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Have Gainesville City Schools artifacts or memorabilia? Help the district start its Heritage Collection
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The first soccer ball ever used at a Gainesville High soccer match in 1972 is being donated by Headen Embry to Gainesville City School's new Heritage Collection. The collection will be made up from memorabilia from its schools throughout the years. - photo by Scott Rogers

When Headen Embry graduated from Gainesville High School in the early ‘90s, his English teacher, Calvin Hanrahan, gave him an old soccer ball. 

It wasn’t just any ordinary soccer ball, but the one used at his school’s first soccer game in the ‘70s.

“He told me he was the first soccer coach at Gainesville high,” Embry said. “He started the first season, then Gene Beckstein took over.”
Embry said he plans to donate the ball to Gainesville City Schools once it starts up its Heritage Collection, which will display artifacts and memorabilia from the school system’s 125-year history.

“I played all four years and was the captain of the team senior year,” Embry said. “He (Hanrahan) felt like as he was leaving, I’d keep it in good hands. It should be in a trophy case. This (Heritage Collection) will be perfect.”

Gainesville school board member Kris Nordholz said he felt inspired to help create the collection after celebrating Gainesville High’s 125th anniversary with the district’s parents and alumni. 

People ended up bringing memorabilia and artifacts from the high school for the event, and Nordholz said a discussion arose about installing a permanent historical archive. 

“With the new facilities going up at the high school, I think (Superintendent) Dr. Williams and some people in the system could use those new facilities as a way to display that history,” he said. 

A few months ago, the system decided to officially move forward with the Heritage Collection and began accepting applications for both temporary and permanent donations of school artifacts. 

Superintendent Jeremy Williams said people are encouraged to complete the Heritage Collection survey in the community tab under “alumni and former students” on the system’s website, if they are interested in offering an item or have memorabilia in possession.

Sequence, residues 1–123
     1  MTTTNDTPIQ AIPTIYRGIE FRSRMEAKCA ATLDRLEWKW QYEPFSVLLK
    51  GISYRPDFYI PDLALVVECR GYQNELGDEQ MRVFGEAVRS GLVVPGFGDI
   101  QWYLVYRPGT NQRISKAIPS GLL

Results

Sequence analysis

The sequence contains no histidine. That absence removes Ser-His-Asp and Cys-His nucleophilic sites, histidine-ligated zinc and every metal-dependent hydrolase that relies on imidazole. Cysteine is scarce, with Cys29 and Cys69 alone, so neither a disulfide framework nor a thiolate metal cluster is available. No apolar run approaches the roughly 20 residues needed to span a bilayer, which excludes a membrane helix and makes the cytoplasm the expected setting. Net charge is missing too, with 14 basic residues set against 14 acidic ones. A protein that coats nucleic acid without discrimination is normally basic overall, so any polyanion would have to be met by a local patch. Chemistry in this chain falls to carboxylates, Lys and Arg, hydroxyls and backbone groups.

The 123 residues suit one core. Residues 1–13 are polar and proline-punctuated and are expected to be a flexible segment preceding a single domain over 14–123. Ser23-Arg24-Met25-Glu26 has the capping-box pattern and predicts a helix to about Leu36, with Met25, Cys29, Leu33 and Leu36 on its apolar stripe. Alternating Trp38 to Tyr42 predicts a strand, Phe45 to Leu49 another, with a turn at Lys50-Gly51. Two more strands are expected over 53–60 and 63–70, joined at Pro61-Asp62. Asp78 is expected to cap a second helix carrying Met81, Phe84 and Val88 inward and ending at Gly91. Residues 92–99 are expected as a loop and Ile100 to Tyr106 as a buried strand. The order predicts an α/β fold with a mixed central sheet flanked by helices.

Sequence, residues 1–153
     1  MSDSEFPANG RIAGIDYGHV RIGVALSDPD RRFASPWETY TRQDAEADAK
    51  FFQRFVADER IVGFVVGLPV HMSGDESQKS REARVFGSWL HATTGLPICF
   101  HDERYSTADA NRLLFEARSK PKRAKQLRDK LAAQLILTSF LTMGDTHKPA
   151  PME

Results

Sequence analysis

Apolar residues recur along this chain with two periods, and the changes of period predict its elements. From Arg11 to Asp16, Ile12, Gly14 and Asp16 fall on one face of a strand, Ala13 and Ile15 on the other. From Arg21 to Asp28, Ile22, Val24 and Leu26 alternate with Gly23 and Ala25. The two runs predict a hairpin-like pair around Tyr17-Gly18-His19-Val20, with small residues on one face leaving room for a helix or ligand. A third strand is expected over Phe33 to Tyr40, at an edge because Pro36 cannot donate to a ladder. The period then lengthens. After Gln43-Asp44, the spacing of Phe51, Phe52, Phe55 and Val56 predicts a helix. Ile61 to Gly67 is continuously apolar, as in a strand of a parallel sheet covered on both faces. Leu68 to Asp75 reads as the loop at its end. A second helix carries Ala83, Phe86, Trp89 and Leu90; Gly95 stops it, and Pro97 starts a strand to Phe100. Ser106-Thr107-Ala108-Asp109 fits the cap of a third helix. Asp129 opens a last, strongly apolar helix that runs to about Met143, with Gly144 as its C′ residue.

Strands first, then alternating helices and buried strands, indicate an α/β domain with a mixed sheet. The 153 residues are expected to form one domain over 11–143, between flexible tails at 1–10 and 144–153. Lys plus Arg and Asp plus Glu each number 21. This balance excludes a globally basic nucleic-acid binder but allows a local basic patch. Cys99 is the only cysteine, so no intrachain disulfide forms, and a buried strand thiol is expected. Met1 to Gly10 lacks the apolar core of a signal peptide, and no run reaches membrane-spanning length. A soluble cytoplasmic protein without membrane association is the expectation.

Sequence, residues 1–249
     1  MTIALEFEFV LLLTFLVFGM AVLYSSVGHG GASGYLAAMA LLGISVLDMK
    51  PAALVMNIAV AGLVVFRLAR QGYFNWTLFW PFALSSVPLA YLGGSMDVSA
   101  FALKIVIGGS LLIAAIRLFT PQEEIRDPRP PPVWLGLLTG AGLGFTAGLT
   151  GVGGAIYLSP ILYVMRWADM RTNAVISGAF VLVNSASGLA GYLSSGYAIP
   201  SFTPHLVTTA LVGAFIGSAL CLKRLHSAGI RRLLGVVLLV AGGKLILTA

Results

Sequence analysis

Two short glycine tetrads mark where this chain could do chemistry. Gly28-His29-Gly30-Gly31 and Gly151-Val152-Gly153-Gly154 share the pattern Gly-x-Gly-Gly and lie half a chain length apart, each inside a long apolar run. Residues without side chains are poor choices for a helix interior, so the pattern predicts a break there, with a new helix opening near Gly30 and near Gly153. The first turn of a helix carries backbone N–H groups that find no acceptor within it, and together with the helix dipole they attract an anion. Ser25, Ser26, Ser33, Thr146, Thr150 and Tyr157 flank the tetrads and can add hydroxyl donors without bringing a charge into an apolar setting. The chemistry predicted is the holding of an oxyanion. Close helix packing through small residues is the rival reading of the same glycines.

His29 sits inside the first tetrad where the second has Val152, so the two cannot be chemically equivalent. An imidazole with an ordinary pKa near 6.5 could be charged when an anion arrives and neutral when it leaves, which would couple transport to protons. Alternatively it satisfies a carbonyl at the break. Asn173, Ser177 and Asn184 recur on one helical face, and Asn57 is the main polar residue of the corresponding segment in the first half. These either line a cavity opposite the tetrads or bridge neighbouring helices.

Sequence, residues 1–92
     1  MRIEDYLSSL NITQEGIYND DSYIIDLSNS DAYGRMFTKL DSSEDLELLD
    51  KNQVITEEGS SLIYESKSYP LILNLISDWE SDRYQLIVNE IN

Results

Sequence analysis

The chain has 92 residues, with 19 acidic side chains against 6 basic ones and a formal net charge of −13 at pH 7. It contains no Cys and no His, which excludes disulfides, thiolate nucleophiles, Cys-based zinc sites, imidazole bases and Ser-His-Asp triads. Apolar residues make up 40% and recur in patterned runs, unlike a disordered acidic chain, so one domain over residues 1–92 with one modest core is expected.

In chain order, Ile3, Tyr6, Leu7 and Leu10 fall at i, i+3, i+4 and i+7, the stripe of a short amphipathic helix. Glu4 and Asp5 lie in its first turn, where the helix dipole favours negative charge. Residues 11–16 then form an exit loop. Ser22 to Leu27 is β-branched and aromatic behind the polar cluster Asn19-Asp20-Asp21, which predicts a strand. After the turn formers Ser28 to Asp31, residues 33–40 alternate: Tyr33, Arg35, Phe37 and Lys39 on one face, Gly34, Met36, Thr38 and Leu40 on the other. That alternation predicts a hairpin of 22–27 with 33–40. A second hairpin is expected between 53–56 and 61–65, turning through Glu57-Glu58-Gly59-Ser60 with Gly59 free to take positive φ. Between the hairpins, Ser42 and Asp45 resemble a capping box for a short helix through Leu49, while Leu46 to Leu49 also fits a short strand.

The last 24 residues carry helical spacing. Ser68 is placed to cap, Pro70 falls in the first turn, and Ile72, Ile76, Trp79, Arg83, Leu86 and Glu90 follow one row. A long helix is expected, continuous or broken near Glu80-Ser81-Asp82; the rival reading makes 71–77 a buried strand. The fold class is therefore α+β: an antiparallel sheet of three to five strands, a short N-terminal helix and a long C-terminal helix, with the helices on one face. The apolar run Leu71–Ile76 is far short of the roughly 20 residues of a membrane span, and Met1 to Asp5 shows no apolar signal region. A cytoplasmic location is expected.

So far, he said the district has seen a range of submissions like megaphones from the ‘70s and a yearbook from 1914. Williams welcomes all forms of contributions that embrace the history of the city’s schools, including Red Elephants and Tigers memorabilia.

“There’s a lot of connections to the tradition of Gainesville City Schools, whether it’s Gainesville High School, Fair Street or Butler High School,” Williams said. “We have an alumni group proud of where they went to school. We want to make sure as we transition into a new campus, we’re able to honor the traditions of the past and merge them with the present.”

Nordholz, who graduated from Gainesville High, said the collection will most likely be put on display in the high school’s new advanced studies center, which is set to open in the fall, and the cafeteria and media center building, which should open next January. Williams said people will be notified if their item submissions can be used for the collection. However, the system won’t begin taking the pieces until it is prepared to construct the display.

Once Gainesville receives enough submissions of artifacts and memorabilia, Nordholz said the installation could be ready for public viewing as each facility opens. He said the system’s heritage committee is working to figure out the best way to protect and showcase the items once they start accepting donations.

“Looking back, I’m thankful for growing up in a community like Gainesville,” Nordholz said. “Now, raising my kids here, I hope they’ll look back and say the same. I think the history and school spirit aspect is telling about what a strong community Gainesville is.”

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